Nine stone cottages have gone on the market in Italian-speaking Switzerland at CHF1 ($1.01) each – on condition that the buyers do them up. The municipality of Gambarogno thus aims to regenerate and develop the mountain region of Sciaga.
Mount Sciaga is a mountain pasture belonging to the hamlet of Indeminiexternal link, one of the most remote inhabited areas in the southern canton of Ticino. Indemini is located in a valley, Val Veddasca, that is almost entirely Italian territory, but it is Swiss and some 18 kilometres of winding curves and a mountain pass from Gambarognoexternal link, to which it has belonged since a merging of municipalities in 2010.
The typical stone buildings make up the historic centre of Indemini as well as Mount Sciaga on the opposite side of the valley. From a distance, with its well-maintained pastures, Indemini doesn’t look as though it’s dropped off the radar. But once you cross the Giona stream and climb the rough path, you notice that the houses are partially in ruins.
A regeneration project has therefore been worked out to increase the value of this ancient settlement.
The idea is for a small group of buildings to be turned into an alpine refuge paid for by the municipality: an attraction for mountain bikers and hikers heading for Mount Tamaro and Mount Lema.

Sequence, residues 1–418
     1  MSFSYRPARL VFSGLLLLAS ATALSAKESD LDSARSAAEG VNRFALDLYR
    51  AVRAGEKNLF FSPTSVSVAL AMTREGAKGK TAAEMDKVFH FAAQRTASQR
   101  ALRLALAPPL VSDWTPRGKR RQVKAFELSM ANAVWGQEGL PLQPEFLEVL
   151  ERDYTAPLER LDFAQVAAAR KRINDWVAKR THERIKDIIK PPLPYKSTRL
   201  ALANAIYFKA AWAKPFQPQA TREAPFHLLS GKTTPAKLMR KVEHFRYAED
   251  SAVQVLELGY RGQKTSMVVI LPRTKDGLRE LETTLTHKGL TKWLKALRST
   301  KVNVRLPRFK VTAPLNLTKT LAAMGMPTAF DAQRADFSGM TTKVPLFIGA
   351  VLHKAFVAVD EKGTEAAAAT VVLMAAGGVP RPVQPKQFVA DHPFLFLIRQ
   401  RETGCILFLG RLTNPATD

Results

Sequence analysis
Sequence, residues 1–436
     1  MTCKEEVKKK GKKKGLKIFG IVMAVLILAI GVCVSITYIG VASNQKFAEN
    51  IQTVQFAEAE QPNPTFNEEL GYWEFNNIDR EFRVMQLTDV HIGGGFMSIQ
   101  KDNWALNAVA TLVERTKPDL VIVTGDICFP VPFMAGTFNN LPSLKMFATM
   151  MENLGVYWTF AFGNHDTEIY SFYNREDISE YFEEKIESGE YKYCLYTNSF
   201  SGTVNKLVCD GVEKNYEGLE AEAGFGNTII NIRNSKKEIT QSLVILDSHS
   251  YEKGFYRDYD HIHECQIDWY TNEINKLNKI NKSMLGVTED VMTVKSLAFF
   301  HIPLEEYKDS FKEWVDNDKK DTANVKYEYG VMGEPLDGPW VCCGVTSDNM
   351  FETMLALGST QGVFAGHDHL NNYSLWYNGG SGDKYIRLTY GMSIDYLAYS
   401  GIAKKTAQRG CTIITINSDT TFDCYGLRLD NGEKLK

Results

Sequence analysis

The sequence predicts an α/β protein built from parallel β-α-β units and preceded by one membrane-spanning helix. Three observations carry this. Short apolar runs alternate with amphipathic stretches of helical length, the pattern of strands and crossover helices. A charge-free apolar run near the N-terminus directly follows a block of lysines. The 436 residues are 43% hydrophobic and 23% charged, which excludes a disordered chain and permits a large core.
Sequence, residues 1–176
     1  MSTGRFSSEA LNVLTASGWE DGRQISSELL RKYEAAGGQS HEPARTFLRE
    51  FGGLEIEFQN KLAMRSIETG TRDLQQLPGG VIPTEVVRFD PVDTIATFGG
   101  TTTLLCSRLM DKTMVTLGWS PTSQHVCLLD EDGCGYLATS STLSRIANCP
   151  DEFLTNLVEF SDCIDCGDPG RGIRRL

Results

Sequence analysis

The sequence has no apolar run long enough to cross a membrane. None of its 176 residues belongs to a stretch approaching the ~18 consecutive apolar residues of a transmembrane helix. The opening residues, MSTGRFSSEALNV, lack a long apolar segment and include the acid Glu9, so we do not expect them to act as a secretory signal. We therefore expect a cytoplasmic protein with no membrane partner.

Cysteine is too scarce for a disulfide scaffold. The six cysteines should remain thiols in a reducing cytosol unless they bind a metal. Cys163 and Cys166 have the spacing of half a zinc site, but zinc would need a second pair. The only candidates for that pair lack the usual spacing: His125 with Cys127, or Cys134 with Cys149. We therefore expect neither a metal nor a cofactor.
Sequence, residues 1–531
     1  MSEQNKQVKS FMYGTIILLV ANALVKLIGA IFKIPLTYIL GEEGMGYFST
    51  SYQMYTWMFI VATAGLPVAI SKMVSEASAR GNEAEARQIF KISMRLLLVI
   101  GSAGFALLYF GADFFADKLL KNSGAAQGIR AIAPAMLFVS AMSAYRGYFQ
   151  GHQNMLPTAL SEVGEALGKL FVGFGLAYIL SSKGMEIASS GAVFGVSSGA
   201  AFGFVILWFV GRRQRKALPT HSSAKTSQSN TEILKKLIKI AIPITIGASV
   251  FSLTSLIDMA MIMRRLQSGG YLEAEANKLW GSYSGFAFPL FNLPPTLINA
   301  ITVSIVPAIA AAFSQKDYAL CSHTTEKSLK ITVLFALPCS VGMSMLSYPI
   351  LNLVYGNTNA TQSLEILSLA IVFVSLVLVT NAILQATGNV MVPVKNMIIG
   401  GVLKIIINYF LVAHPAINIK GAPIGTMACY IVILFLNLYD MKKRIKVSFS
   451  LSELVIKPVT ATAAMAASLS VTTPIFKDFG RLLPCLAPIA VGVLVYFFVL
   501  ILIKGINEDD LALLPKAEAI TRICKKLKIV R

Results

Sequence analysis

Another nine cottages would be sold to private individuals for the symbolic price of CHF1, with the understanding that renovations would be carried out in an appropriate style and within a reasonable timeframe.
Descriptions of the nine properties have been prepared for potential buyers. Many have already asked to see them since the advert, first published in the daily newspaper laRegione Ticino, was picked up north of the Alps.
But no money can yet change hands: the municipality’s statementexternal link has to be checked by a commission and voted on by the local council in autumn.
Finding nine buyers – or one, if a foundation for example snaps up the lot – will not be easy but it isn’t impossible: Sciaga offers an unobstructed view over all of Val Veddasca down to Lake Maggiore and has drinking water.
In 1999, a clean-up campaign resulted in regaining more than 15 hectares (37 acres) of scrubland. Since then, an annual day of volunteering has kept the area clean.
Compared with a previous project, rejected by Indemini’s communal assembly in 2002, there’s no cheese-making dairy, but the plan is to revive the agricultural management of the land.
And who knows, once Sciaga comes back to life, so could plans for a cable car to Indemini. https://www.swissinfo.ch/eng